L(H)B: How old was she?

JG: She was 85.lhb-NickLeslie

L(H)B: Oh, that’s as they say, a good, long life.

JG: She had a good run. Lived in Bay Ridge her whole life.

L(H)B: I’m happy to hear that that wasn’t particularly your life, because it didn’t feel like a happy life. The thing that bothered me was that -- and I’m not going to give away the ending -- it’s not going to be over for Brian, really.

I’m hoping that for Brian’s character that it will find its way to not ruin his life in some way, because this stuff has such a way of proliferating in the next generation.

One of the funny scenes in the bar is when the disco guys come in. Where were the disco guys from?

JG: That was sort of a war that went on in our neighborhood, because in Bay Ridge, [there] was kind of a largely Irish population at that time.

L(H)B: It’s Italian now, I think, right?

JG: Well, it’s kind of Middle Eastern now. There’s still a fair Irish stronghold there, and Scandinavian and Greek. It’s a melting pot for sure.

But at that time, for some reason, a lot of disco started popping up in Bay Ridge.

Bensonhurst was our neighboring neighborhood, and I would say probably there were more Italians in Bensonhurst.

The Italian guys would come down to Bay Ridge and come to the discos, and we were jealous of them because they had money, they had cars, they dressed flashy -- and they were all good-looking guys.

So of course we hated them, and they hated us because we were just street scum. Often there were fights, and bad things went on when the two came together.

So in the scene, I just wanted to do a nod to that, where two disco guys walk into the wrong bar.

L(H)B: It sounds like the beginning of a joke, but it was funny. It was a funny bit -- and of course I immediately thought of Saturday Night Fever, and it was the right time period.

I went online and found your beautiful wife -- she’s a stunning woman -- and it says that she is the producer of The Dog Whisperer. And I wanted to know if you have another thing coming out with "whisper" in the title.

JG: No. That was a hilarious thing because not only Dog Whisperer-Ghost Whisperer, at one point we were on at eight o’clock Friday nights against each other.

And also, she’s a brilliant writer and she’s written all of Caesar’s books -- five bestsellers now.

She’s really my secret weapon.

L(H)B: I think it was either in the New York Times article or Denis Hamill -- you’ve gotten a lot of print -- that said that you were a 52 year old director who is making a 25 year old’s film.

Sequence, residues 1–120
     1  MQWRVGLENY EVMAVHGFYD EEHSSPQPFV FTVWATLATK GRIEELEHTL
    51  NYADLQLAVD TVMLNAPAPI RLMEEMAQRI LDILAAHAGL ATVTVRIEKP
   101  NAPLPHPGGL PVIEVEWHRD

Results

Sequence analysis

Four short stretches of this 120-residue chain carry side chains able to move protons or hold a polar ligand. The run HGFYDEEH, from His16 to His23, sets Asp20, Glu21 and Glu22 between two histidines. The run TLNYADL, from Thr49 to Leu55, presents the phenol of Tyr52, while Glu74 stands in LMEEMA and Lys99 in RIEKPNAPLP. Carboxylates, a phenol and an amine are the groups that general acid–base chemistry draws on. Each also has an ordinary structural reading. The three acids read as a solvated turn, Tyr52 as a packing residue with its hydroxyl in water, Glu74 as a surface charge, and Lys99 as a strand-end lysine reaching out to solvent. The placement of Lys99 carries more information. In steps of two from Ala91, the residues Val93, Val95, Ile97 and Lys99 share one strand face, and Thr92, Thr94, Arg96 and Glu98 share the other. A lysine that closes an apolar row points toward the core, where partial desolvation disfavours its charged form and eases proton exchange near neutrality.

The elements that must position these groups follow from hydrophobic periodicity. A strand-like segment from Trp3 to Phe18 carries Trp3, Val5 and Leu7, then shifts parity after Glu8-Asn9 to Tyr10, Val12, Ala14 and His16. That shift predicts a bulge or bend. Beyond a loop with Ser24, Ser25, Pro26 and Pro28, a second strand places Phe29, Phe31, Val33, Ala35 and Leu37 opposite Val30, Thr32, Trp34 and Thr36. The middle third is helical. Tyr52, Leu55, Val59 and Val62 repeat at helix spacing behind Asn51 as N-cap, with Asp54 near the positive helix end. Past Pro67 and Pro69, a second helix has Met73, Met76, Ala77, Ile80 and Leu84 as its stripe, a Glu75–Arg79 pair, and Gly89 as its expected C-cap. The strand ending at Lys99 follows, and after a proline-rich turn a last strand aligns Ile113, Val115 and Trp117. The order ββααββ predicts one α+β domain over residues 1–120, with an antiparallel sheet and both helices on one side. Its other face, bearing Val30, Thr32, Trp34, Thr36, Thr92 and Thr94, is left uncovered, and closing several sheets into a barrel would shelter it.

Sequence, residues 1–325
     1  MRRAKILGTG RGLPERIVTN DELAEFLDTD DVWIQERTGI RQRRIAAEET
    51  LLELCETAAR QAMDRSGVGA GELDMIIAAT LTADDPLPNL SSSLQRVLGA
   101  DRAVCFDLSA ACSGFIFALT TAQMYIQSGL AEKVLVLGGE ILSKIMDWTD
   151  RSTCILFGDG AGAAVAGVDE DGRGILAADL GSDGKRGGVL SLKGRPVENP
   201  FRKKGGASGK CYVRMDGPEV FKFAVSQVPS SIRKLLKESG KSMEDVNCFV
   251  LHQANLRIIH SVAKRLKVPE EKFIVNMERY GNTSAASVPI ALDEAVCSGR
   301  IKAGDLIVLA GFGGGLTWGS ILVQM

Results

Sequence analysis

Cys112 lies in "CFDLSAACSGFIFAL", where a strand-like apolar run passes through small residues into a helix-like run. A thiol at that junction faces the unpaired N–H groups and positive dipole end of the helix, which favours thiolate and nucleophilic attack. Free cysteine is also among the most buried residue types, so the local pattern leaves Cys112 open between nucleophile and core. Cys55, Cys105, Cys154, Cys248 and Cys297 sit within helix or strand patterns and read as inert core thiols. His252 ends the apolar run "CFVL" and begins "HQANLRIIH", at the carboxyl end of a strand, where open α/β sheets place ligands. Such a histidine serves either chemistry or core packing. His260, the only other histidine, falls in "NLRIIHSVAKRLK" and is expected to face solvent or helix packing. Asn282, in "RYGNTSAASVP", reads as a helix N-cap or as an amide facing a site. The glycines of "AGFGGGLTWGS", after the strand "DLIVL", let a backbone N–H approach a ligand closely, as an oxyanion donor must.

And it is a young man’s film. It’s like looking at Cinema Paradiso, where you think it’s an old man’s film but it turns out to be a kid’s film. This definitely had the feel.

It also said -- and this is something that’s quite interesting -- that when the dust clears in the next year or two, everybody’s going to have to make this kind of film, because there can’t be any more billion dollar movies -- there’s no money. At least not right this minute, there’s not.

So it seems to me like you might be riding the crest of the wave, hopefully. Fingers crossed.

JG: First time I’m setting a trend, that’s for sure.

L(H)B: As a person of Irish descent myself, I’ve got a bit of a problem with this "White Irish Drinkers" title. You kind of took it by the horns, as it were, and sort of put it out there -- because you could have called it Brian’s Story or something, and nobody would have known. Have you gotten any flack for it?

JG: Not yet. I expect that we will. A lot of people think "Oh, it’s my life story!" "It must be about my family!" We get a lot of those comments.

But the title is meant to be ironic, and it is how we characterized ourselves in the neighborhood because we resisted drugs. It’s not meant as a slur, and I think if anybody sees the movie, they’ll understand what the title really means and that it’s not another knock against the Irish at all.

L(H)B: The film opened the Craic [pronounced "crack"] Festival. This is the Irish Film Festival in New York, for those who don’t know.

JG: It was a wonderful experience. Terence Mulligan was the mastermind behind this.

We were invited to be in it and then invited to be the opening night film, and it was wonderful. Great to be in a New York festival, and the audiences are just so enthusiastic and passionate.

We had a big opening at the Tribeca Cinemas, and a wonderful party afterwards. It was very gratifying because people really respond to the movie. We’ve had so many screenings at this point at festivals and film clubs, and word of mouth screenings.

L(H)B: All necessary with a small film these days.

JG: Absolutely, you’ve got to do it. And I sit through every one because -- I always learn something, for one thing -- but also working in television, you miss the audience connection. And there’s nothing like sitting there and listening to people laugh, and you hear them sniffling, and feel their reaction.

I can’t get enough of it. Because for many years in TV, of course, it’s just out there on the waves, and you hear by the numbers they like it, but you rarely get a chance to sit with people.

L(H)B: What does "craic" mean?

JG: It is the Gaelic word for fun, for lighthearted fun. I was lucky enough to do a movie in Ireland about nine years ago. It was called The Seventh Stream. It was a Hallmark Hall of Fame movie with Scott Glenn, Saffron Burrows and Fiona Shaw, the great Fiona Shaw.

I was hanging out with the drivers one day and they were talking about another movie they had done, and one guy said "We had great crack on that one."

I thought: my god, there are drugs everywhere. Finally, someone said "No, John, it means fun."

[The film is now is available on DVD and Blu-Ray]